Should an incident occur, respond promptly and responsibly. Time is of the essence, and the earlier the problem is solved, the less likely a reputational risk may spiral out of control.
3. Public Backlash Is Disastrous
In any reputational event, companies respond in two ways.
One is to downplay the incident and keep it hidden from the public and other stakeholders. While this may work in some instances, it is generally not recommended. Once revealed, its negative impact might be amplified, affecting not only one particular stakeholder but all of them, from the organization to the management, employees and customers.
The second option – and the more preferable way to address reputational concerns – is to consistently send positive messages and signals to build a good reputation. This way, companies can forge brand trust and customer loyalty. In this case, higher sales and revenues are not the only main benefits. They would also have enough reputational capital to withstand a negative perception. As such, they turn an adverse event into an advantage by being honest and transparent, which stakeholders will appreciate.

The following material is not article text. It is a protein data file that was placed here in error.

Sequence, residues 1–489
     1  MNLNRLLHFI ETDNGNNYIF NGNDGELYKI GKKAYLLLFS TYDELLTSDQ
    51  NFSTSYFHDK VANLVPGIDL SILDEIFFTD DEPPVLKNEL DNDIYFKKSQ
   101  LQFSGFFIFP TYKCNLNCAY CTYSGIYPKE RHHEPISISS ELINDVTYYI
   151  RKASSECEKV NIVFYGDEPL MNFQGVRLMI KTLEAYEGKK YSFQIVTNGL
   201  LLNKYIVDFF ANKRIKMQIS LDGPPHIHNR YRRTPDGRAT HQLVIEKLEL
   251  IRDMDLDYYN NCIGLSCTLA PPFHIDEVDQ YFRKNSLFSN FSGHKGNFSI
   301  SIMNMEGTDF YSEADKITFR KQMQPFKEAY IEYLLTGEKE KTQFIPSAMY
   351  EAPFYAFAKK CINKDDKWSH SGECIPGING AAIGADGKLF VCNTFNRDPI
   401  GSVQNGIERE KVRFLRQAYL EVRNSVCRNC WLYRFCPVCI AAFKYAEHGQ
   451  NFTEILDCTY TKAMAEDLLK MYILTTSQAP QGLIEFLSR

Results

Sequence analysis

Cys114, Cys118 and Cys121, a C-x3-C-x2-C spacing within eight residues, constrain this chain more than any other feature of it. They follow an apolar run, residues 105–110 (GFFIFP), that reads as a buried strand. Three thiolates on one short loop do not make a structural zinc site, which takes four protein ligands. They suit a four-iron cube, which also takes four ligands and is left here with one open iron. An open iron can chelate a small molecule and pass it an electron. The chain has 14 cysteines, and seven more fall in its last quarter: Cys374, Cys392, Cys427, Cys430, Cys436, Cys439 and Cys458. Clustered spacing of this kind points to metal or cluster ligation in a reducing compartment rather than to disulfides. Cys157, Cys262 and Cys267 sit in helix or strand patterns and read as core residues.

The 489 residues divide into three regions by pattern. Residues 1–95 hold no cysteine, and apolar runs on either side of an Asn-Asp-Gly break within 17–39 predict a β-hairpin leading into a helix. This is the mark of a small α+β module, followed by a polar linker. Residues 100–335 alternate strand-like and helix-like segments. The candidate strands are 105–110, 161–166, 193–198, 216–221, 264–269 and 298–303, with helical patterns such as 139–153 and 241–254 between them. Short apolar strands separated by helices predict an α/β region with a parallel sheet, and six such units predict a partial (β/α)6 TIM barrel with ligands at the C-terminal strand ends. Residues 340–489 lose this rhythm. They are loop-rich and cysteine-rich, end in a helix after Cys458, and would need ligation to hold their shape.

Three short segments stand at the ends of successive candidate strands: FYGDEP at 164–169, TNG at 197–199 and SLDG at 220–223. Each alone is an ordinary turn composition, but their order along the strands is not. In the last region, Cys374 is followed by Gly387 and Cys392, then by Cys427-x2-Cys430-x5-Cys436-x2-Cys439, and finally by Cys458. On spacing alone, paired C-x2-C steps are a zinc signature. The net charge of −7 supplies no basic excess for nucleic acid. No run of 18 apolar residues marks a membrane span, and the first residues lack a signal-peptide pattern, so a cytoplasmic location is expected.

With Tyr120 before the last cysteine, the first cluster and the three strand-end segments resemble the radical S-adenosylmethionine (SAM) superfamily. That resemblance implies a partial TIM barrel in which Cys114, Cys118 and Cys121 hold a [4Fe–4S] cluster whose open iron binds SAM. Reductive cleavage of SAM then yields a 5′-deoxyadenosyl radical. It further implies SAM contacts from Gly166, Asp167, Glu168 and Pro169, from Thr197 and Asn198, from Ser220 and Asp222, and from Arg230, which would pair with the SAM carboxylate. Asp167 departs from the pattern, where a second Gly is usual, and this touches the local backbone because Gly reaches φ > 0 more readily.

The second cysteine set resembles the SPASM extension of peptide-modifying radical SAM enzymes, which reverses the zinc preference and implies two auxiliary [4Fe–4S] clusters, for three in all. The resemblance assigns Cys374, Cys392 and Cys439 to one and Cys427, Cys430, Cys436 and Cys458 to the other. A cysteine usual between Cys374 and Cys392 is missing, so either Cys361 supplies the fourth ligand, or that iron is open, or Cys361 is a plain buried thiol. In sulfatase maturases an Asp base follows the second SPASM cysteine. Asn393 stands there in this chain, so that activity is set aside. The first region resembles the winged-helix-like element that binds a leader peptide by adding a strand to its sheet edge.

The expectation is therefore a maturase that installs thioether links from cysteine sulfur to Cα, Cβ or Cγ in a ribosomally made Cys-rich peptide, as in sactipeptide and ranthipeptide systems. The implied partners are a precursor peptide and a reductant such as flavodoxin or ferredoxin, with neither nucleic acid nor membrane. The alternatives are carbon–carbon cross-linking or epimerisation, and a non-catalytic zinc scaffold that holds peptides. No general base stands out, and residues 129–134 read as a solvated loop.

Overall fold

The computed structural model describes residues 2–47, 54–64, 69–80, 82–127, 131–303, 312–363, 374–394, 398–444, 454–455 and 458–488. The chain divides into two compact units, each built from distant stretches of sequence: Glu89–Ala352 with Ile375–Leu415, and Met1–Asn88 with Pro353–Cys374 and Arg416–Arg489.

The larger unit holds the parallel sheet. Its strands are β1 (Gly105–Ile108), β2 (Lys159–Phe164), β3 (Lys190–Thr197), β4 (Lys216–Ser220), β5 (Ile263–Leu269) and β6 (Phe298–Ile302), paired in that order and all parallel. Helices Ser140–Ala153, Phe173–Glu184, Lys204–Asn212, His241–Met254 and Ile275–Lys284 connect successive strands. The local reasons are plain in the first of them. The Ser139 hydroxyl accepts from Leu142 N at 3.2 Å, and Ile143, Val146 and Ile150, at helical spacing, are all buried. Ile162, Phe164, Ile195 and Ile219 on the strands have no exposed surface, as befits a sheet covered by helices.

Never Underestimate Reputational Risk Management
Most companies start by focusing on creating a value proposition and customer acquisition. But one thing that the founder and management team should never ignore is creating incident response plans. No matter how large an organization is, one adverse publicity can result in substantial financial losses.
Following regulations, conforming to best business and ethical practices and exercising corporate social responsibility is a great start. Meanwhile, corporate reputational risk management strategies ensure that operations run smoothly.
For more information on managing your reputation, call 866.325.0303 for a free consultation on protecting your business reputation.